If you ask anyone in the world, from Russia to Argentina, whether they know Harry Potter or J.K. Rowling, you are likely to be answered “yes, of course”, but if you ask them whether they know Cormoran Strike or Robert Galbraith, a positive answer is less likely. In early 2013 Galbraith was the fresh new voice in the English world of crime fiction who just published his first novel, The Cuckoo’s Calling, the first of a series whose protagonist is the private detective Cormoran Strike. But in July of the same year the literary world and its readers were revealed that under the cover of the debutant writer was actually J.K. Rowling debuting in the genre of crime fiction. On Robert Galbraith website, Rowling explains her decision to write under pseudonym, stating that she wanted to go back to the origins of her writing career to face a whole new genre. And in The Silkworm, the second of the Cormoran Strike novels, the debutant Robert Galbraith shows all his novelty and freshness.
Despite belonging to a specific genre, The Silkworm is a novel for everyone. It perfectly mixes the suspense of the crime novel to the ordinary life of its characters. Cormoran Strike is a veteran of the Afghanistan war who reinvented his career as private investigator in London: after gaining fame and success by solving a complicate case and humiliating the police thus having enough money to move into a tiny flat in the same building where his office is, in Denmark Street, he is approached by a messy and ruffled woman whose husband, an eccentric writer, Owen Quine is missing.
So, the big private investigator enters the world of the London publishing houses and confronts the hypocrisies and secrets, the malice and insecurities of its inhabitants, all connected together by a particular link. Writers, publishers and editors all appear to be quite misogynous and not much inclined to support women to have an equal brilliant career: at the top of the Roper Chard, the house which publishes Quine’s books, there are only men; Elizabeth Tassel, Quine’s literary agent, is an unhappy and unaffectionate woman, whose life misfortunes didn’t soften her, whose career is not shining anymore and whose consideration among her colleagues is not very high; finally, the writer Michael Fancour clearly states that writing is a men’s job. This misogyny clashes with Strikes’s work environment which only consists of the investigator and his faithful assistant, Robin, who, all through the novel, succeeds in demonstrating that she is Strike’s equal and not a mere assistant who just prepares tea and coffee or researches names and telephone numbers on Google.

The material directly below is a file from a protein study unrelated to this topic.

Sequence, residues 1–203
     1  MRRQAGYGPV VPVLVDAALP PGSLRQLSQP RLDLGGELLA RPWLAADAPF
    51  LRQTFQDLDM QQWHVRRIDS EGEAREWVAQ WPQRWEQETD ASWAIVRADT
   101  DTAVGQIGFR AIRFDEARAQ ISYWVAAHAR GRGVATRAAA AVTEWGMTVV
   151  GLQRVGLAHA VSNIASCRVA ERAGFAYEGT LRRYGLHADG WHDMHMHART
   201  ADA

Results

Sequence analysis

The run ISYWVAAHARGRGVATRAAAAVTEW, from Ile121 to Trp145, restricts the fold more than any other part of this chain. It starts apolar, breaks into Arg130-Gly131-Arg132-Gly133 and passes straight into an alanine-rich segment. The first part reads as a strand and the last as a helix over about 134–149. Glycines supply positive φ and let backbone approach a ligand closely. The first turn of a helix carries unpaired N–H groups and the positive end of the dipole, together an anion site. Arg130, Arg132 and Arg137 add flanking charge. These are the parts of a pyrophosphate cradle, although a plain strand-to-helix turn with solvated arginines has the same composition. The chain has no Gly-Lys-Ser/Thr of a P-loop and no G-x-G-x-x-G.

Despite the loss of a leg during the war, Strike goes through the streets of London in any weather to find out what happened to Owen Quine. After questioning all those who belonged to the literary environment and who appeared, represented as the worst allegories and caricatures of themselves, in Quine’s last unpublished novel, Bombyx Mori, Strike finds the eviscerated body of the writer in an abandoned house in Talgarth Road. In their pursuit of truth, the private detective and his assistant are accompanied all through their investigations by a weather which becomes increasingly worse. When Strike’s is still collecting information, when his suppositions are not founded and the mystery gets more obscure, a snowstorm strikes London; when Strikes understands who is Quine’s murderer, the winter sky, even if for a few moments, clears up; but just before solving the case – whose positive outcome needs much luck – the sky clouds over again, the snow starts back to cover the evidences and the future of Strike and Robin’s plan is not clear anymore.
The Silkworm is an exciting and intriguing novel which can be appreciated and enjoyed also by those who don’t usually read crime fiction. Galbraith’s writing is fluid and catching and his protagonist – who is never a hero – is a good mix of grumpiness and roughness which disguise a gentle heart.
Waiting for the new adventure of Cormoran Strike, which will be out in England on the 20th of October 2015, have a good reading.